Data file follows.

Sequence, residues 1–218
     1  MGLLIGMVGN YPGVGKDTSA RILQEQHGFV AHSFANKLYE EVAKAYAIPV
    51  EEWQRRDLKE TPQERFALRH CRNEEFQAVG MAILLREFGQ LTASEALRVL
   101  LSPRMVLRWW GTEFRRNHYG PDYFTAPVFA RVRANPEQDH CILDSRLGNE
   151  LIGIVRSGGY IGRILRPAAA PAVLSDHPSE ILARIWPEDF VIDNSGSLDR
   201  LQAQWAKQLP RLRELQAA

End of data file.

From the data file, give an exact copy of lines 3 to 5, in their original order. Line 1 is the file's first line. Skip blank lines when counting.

    51  EEWQRRDLKE TPQERFALRH CRNEEFQAVG MAILLREFGQ LTASEALRVL
   101  LSPRMVLRWW GTEFRRNHYG PDYFTAPVFA RVRANPEQDH CILDSRLGNE
   151  LIGIVRSGGY IGRILRPAAA PAVLSDHPSE ILARIWPEDF VIDNSGSLDR